DescriptionBuilt beside the old Boston Post Road, the Square House faces the village green at the intersection of the Post Road and Purchase Street. Two-and-a-half stories in heights, the gambrel-roofed structure is composed of wood frame, resting upon a fieldstone foundation, and sheathed by shingles on the east, north, and part of the west elevations. The remaining exterior walls are covered with clapboards. A one-story veranda, delineated by six slender, octagonal columns, extends the length of the east (front) elevation, and one-and-one-half story wings mark the west and south elevations. Five bays in length and three in width, the main mass of the Square House appears to have been erected in at least two stages. The southern three bays, including the main entrance occupying the central of the five bays, constitutes the earlier portion, erected around a large central chimney stack. The northern portion, distinguished by its clapboard sheathing, its two interior end chimneys, and the large assembly room on the second floor, was added presumably to accommodate the clientele of Haviland’s or Penfield’s Inn. The exterior remains essentially unchanged since the mid-18th - mid 19th century.


PropertyTimothy Knapp House and Milton Cemetery
MunicipalityCity of Rye
Community
Street Number262
Street AddressRye Beach Avenue @ Milton Road; Milton Road

Historic District Name
Local Landmark Status?Yes  01/05/88
Local Landmark District Status?   
National Register District Status?   
County Register Status?   
National Register Status? Yes  06/14/82
National Historic Landmark Status?   
National Historic Landmark District Status?   
State Register Status? Yes  04/09/82
Eligible for National Register?

Owner
Institutional OwnerRye Historical Society (House) and City of Rye (Cemetery)
Tax Map Available?
Tax Map Image Available?
Tax Section       Tax Block       Tax Lot

ArchitectUnknown
BuilderUnknown
Building TypeSingle Family Dwelling, Cemetery
Building Type, Details
Architectural StyleSalt Box
Architectural Style, Details
Current UseOther (describe)
Current Use, DetailsHistorical Society, Cemetery
Original UseSingle Family Dwelling, Cemetery
Original Use, Details
Structural ConditionGood; Fair
NeighborhoodResidential
Threats to Building
Site IntegrityOriginal Site
Date Moved
Year Built1670, 1750
Structural SystemPost-and-Beam
Structural System, Details
Photograph Available?
AlterationsThe house has three twentieth-century additions: a greenhouse and an aviary on the east and a one-story fieldstone and white-shingled studio wing with an interior entrance porch on the north. The house recently underwent renovations, which were completed in 2002.
Date of Alterations

SignificanceThe Knapp House and nearby Milton Cemetery are historically significant and recall Rye's early settlement and growth. The Knapp House is the oldest extant residence in the city and the cemetery is Rye's first public burying ground. The original house was standing by 1670 and it faced Rye’s first established road. Three additions constructed in the late seventeenth, mid-eighteenth, and the twentieth centuries have enlarged the building considerably. Numerous original and period details survive intact. The house was built on land once owned by one of three original proprietors of Rye. Only five families have owned the property since 1663. A few of the house’s eighteenth-century inhabitants are buried in the cemetery across the street. The Knapp House and Milton Cemetery have figured prominently in the community’s development.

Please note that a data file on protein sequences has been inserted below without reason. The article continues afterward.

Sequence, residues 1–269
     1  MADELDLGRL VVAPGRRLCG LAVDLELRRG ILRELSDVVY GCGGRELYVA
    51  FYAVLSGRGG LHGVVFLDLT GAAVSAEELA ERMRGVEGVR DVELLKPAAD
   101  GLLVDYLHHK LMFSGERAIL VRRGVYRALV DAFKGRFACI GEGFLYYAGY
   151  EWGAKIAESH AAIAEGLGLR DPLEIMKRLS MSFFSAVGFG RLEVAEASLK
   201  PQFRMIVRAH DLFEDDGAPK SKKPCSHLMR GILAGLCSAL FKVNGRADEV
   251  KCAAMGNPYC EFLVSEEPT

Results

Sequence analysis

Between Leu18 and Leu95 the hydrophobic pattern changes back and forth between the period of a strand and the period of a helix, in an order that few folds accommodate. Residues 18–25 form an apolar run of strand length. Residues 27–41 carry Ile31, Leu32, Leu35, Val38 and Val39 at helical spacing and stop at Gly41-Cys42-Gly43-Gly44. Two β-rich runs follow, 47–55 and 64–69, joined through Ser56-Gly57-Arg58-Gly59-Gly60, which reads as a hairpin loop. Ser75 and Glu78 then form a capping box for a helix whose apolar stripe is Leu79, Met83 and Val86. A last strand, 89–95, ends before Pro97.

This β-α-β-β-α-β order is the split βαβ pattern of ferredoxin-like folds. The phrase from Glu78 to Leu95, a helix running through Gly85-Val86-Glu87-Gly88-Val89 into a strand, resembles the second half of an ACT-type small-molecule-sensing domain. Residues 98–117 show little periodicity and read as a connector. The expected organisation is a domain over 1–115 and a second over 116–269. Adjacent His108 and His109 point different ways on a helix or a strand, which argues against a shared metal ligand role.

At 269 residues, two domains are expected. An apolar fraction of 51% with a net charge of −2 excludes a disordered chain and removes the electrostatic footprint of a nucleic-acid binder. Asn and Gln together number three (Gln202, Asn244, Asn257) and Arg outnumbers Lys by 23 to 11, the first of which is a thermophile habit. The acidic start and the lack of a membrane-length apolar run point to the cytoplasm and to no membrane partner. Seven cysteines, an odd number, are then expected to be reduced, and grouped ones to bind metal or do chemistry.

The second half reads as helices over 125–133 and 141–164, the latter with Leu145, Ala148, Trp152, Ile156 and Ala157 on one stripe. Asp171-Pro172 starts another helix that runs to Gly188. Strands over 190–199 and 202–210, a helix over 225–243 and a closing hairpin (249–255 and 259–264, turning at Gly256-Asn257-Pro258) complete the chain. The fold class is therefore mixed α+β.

DescriptionThe seventeenth-century Knapp House in Rye is located at the intersection of Milton Road and Rye Beach Avenue, two of the community's earliest thoroughfares. Across the street is the Milton Cemetery, Rye’s oldest burying ground. Two and one-half stories high, five bays wide, and three bays deep, the main section of the Knapp House faces south. Constructed with a fieldstone foundation and sheathed in a combination of square shingles, round-butt shingles, and clapboards, the house is painted white with green shutters. The gable roof, which slopes back to a saltbox configuration over the eighteenth-century addition, is covered with asphalt shingles and has a rectangular central brick chimney. On the main façade, a veranda extends across the building; its roof also covered with asphalt shingles, is supported by eight fluted Doric columns. Fenestration on this section consists of rectangular windows of the six-over-six type. Interior elements and details are illustrative of the early initial construction and physical history of the house. The cellar has fieldstone walls laid up with lime mortar. Beams are hand-hewn, and some retain their bark. The Milton Cemetery, originally part of the Timothy Knapp property, is now owned and maintained by the City of Rye and no longer in use. A property of approximately one acre in size, the burying ground is fenced on the north and south, bordered by Blind Brook on the west, and partially enclosed on the east by a combination of hedges and sections of fence with stone pillars at the entrance. Stones in the cemetery are of a variety of materials and are in various conditions. For more information on the Timothy Knapp House and Milton Cemetery refer to the files maintained by the Westchester County Historical Society.